Iraq Cabinet Approves SOFA

With regard to the SOFA approved by the Iraqi cabinet over the weekend (NY Times article here), I’ve got to agree with Kevin Drum’s assessment of the political optics:

This is good for the Iraqis, who really do need the U.S. presence for alittle while longer; good for George Bush, who’s getting a slightlylonger timetable than Barack Obama would have negotiated; and good forObama, since this essentially makes his decision to withdraw into abipartisan agreement. After all, conservatives can hardly complainabout Obama following a timetable that was negotiated and approved byBush.

In terms of operational nuts and bolts, I’m curious as to whether “new restrictions on American combat operations in Iraq starting Jan. 1” refers to Iraqi demands to halt cross-border attacks such as the one into Syrian territory. I also wonder whether if by transitioning American forces out of cities by this summer, this allows for an accelerated drawdown above and beyond those recently announced. If so, and if those troops are immediately redirected to Afghanistan, the political benefits for Obama that Drum mentions might quickly dissipate.

It’s important to remember, too, what this kind of vote does and doesn’t accomplish. What it does accomplish is to legitimize a continued American troop presence within the Iraqi political process (as opposed to within the UNSC process), thereby making any armed resistance to it illegitimate from purely domestic politics point of view.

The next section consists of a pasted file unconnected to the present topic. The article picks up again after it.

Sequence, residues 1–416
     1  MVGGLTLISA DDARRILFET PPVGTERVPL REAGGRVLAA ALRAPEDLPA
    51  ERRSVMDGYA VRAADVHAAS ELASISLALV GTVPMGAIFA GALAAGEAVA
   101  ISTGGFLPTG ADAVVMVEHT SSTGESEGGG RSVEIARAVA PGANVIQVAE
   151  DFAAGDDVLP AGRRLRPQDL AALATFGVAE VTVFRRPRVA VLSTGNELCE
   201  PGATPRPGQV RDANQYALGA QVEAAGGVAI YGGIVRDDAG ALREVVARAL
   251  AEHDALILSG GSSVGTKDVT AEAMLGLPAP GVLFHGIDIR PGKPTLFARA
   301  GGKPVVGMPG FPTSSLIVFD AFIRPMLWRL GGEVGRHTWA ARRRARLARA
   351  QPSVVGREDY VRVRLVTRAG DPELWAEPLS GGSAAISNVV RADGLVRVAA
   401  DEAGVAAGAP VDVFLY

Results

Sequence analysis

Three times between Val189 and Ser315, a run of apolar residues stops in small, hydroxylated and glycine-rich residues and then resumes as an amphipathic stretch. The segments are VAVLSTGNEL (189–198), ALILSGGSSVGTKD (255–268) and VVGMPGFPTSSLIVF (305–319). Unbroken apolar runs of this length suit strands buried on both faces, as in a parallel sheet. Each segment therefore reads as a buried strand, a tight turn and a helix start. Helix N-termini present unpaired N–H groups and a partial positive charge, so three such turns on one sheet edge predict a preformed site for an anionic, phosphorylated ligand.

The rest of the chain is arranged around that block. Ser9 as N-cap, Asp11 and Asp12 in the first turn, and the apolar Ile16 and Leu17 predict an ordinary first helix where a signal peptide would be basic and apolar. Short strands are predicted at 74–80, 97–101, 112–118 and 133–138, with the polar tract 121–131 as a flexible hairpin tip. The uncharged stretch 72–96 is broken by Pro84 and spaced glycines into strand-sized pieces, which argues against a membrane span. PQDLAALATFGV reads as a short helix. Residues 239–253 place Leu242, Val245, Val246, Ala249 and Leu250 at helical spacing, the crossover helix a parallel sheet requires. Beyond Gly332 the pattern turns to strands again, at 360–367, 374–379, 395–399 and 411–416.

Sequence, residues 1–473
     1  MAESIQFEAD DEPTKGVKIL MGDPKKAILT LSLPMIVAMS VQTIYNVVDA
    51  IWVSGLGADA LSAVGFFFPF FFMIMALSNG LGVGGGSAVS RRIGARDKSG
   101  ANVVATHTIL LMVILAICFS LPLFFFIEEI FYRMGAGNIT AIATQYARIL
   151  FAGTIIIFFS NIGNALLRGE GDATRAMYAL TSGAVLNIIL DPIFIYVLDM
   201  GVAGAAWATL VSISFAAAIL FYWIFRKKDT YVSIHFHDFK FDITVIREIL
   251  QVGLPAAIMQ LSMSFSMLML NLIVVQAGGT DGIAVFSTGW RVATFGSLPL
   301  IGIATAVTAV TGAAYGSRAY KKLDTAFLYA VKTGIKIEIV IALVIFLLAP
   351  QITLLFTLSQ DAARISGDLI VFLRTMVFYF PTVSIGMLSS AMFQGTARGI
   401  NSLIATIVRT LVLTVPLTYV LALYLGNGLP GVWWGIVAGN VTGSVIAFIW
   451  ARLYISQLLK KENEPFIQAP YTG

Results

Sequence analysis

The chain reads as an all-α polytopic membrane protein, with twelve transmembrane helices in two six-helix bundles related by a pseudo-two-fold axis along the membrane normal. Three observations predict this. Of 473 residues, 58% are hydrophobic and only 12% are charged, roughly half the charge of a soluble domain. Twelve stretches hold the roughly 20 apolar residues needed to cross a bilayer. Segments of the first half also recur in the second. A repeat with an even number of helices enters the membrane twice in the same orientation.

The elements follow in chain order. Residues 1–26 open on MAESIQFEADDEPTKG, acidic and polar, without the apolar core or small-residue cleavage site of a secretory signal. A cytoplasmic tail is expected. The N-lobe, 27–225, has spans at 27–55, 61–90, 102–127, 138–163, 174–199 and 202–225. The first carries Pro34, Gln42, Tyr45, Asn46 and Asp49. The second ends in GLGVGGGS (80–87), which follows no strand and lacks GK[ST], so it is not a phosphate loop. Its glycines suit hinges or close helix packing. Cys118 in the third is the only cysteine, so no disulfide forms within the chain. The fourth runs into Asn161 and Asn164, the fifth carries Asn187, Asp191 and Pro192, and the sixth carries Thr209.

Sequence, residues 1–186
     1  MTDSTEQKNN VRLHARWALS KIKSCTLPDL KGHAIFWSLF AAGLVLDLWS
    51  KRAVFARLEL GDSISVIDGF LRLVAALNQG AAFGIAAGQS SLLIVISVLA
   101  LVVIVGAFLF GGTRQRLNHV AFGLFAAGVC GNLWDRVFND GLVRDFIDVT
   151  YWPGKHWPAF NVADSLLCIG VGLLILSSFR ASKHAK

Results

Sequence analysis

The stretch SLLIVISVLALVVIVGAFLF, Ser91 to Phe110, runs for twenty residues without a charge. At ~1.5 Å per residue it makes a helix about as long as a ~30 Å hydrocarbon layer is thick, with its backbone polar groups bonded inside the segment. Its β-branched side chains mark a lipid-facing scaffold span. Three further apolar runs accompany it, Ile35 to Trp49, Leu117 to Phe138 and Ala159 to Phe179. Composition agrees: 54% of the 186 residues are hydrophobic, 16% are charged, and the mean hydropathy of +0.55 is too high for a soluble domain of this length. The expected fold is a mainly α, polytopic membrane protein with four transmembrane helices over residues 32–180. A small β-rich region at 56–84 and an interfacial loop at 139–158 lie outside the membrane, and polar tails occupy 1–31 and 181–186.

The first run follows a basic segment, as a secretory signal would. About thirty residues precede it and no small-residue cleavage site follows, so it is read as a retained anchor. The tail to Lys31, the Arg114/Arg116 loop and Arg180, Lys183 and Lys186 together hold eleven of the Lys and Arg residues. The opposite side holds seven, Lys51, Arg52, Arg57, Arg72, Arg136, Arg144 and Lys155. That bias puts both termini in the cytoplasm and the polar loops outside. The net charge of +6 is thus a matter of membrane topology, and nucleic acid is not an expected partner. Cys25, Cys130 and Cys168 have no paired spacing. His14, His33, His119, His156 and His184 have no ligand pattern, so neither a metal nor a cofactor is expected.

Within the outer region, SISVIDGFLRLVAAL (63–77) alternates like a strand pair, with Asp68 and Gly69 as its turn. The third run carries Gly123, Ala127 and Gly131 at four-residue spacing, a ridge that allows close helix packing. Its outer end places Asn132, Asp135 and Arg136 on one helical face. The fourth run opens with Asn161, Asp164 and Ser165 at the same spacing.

What it doesn’t accomplish is to guarantee that those opposed to it will refrain from illegitimate armed resistance. For the time being, I’ve only heard of the Sadrist movement and Iran expressing opposition. Iran’s opposition has reportedly softened with the election of an American president committed to withdrawing troops as soon as possible. The Sadrist militia, meanwhile, is reportedly weakened, and the fact that Ayatollah Ali Sistani has accepted the Iraqi Parliament’s jurisdiction on this probably ties Sadr’s hands.

As for the Iraqi Parliament, the Times article also details the intricacies of shepherding legislation through that august body:

Several politicians said an obstacle to Parliament’s approval would beits failure to achieve a quorum, a chronic failing — especially iflawmakers immediately left for Saudi Arabia on the annual Hajjpilgrimage. Parliament quickly sought to thwart that possibility bybanning members from traveling abroad.

I’m seeing lede grafs along the lines of “Lawmaker X was arrested on his way to Mecca in order to rubber stamp legislation authorizing the ongoing American occupation.” That ought to go over very well in the original Arabic.

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